CAMBRIDGE, Mass. (CBSNewYork/AP) — Gov. Chris Christie said Friday that “embers of revolution” in public education need to be stoked as he pushed his reforms and continued attacks on New Jersey’s largest teachers union for allegedly blocking progress.
Christie, who’s won national attention for his willingness to take on public employee unions, spoke at the Harvard University Graduate School of Education before taking questions from students and educators.
The Republican governor referred to the region’s history as the birthplace of the American revolution, then spoke of a brewing nationwide revolution in public K-12 education.
“Those embers of revolution … need to be stoked and in some respects need to have gasoline thrown on them,” he said. “We are losing generations of children and we are losing them as we speak.”
Christie spoke about various obstacles to reform and cited the New Jersey Education Association, which he called a “political thuggery operation” and said was “fat, rich and entitled.”
Earlier this month, Christie referred to the leadership as “bullies and thugs” during a speech in New York.
Asked by a student Friday if he felt his combative tone was preventing progress on his reforms, Christie said he struggled with that question more than people realize, but it wasn’t time to change his approach.
“I am prepared to ratchet down the rhetoric if I could get any indication that there’s any interest in changing the failed system,” he said.
“I have to first awaken the public to the fact that the house is on fire,” Christie later added.
NJEA spokesman Steve Wollmer expressed doubt Christie would ever change his approach.
“His tone has been consistently hostile for 16 months,” he said. “It’s the only tone he knows.”
He said it’s “malarkey” that the union is standing in the way of reform, then pointed to recent cuts in staffs, budgets, program and user fees under Christie. “And he’s the champion of public schools?” he said.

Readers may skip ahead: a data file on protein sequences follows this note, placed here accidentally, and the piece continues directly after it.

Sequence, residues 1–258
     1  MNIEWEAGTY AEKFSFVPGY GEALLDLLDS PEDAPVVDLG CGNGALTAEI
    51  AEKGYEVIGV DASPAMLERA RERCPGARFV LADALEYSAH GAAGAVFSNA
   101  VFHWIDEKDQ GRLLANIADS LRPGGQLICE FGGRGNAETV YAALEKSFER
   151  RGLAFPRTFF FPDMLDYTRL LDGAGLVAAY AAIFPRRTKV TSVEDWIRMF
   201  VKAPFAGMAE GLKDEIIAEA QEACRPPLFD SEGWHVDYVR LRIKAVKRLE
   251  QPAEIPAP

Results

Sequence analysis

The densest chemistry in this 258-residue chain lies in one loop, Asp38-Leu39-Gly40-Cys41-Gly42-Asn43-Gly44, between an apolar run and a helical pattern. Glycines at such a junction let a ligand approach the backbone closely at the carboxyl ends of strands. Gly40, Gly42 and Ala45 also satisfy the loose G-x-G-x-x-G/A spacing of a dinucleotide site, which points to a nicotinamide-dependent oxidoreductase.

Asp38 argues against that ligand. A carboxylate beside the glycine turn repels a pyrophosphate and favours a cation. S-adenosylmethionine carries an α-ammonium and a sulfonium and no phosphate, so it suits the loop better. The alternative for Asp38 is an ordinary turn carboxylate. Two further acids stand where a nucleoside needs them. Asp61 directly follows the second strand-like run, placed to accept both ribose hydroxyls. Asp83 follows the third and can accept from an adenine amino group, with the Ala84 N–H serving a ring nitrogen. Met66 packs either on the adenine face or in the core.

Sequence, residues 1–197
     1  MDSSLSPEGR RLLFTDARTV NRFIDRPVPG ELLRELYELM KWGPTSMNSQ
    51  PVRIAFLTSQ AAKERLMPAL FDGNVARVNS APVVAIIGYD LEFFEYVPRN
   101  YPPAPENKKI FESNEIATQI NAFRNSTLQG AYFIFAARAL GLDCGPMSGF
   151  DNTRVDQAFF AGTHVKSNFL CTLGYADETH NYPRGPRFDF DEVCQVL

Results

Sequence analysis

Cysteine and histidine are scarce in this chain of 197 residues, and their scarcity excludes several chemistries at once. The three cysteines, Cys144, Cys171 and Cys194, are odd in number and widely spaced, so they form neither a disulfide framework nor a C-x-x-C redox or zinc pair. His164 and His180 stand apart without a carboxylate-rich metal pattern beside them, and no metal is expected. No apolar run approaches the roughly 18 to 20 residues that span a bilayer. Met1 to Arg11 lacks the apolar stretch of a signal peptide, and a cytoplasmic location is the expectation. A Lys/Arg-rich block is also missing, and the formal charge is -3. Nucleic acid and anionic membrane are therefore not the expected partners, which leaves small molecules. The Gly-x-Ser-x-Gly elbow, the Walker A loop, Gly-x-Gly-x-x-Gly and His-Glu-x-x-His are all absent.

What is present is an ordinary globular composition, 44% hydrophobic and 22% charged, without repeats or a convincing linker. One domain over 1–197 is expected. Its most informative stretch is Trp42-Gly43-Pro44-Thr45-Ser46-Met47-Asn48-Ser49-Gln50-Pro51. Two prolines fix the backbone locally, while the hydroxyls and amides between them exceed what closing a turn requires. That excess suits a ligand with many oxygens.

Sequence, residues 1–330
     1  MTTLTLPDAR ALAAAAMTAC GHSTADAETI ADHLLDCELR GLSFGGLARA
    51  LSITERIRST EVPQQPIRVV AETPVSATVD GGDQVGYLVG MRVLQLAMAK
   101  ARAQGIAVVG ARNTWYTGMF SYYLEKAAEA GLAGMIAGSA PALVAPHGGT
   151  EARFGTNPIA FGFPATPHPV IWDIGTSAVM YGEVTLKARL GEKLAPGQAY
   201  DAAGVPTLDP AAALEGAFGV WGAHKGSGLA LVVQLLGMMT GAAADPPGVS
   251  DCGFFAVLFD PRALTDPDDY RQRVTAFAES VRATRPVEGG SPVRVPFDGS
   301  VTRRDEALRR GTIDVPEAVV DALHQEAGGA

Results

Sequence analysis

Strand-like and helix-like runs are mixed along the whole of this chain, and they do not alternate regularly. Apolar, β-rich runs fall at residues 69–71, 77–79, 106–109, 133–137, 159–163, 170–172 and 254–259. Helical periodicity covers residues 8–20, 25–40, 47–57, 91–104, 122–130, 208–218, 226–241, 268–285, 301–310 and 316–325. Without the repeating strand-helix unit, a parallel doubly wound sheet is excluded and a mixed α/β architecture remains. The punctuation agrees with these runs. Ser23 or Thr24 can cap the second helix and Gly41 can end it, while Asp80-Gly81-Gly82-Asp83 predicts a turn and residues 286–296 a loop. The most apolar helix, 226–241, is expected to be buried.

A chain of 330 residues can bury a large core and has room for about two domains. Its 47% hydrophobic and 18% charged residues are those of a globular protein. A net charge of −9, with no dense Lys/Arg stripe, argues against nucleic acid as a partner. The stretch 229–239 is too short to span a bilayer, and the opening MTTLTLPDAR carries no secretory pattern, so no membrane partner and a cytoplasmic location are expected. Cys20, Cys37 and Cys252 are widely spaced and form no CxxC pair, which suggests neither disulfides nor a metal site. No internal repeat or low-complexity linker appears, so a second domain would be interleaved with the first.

“We’re willing to meet,” Wollmer said. “He should be meeting with us rather than insulting us.”
Christie wants to end lifetime teacher tenure, tie educators’ raises to student performance and speed the process for getting rid of bad teachers. The union accuses Christie of trying to force out higher-paid, experienced teachers and say he and his staff just don’t understand how a school works.
The union does agree with Christie’s call to reform the process for getting rid of bad teachers.
Christie’s trip north is his second out-of-state trip this month to speak in a prestigious setting. He was in New York earlier to give a speech sponsored by the Brookings Institute.
In his remarks, Christie said his state has long been in thrall of a failed educational theory that spending more money on education improve performance.
“Money is not the answer to the problem,” he said. “New Jersey is the laboratory that proves the failure of that experiment.”
He pointed to the city of Newark, where he said more than $24,000 is spent per pupil annually, but the graduation rate is 29 percent. He said 90 percent of students who do go on to college need remedial classes to get up to speed, then referred to a Newark high school diploma as “a meaningless document.”
Christie said the educational system must be transformed to demand accountability and excellence, instead of perpetuating a failed status quo that doesn’t benefit students. But he said bringing that kind of change in the United States will be tougher than dealing with the country’s other threats, such as terrorism, foreign unrest and a declining industrial base.
“In my view, this is the biggest fight we can have,” he said.
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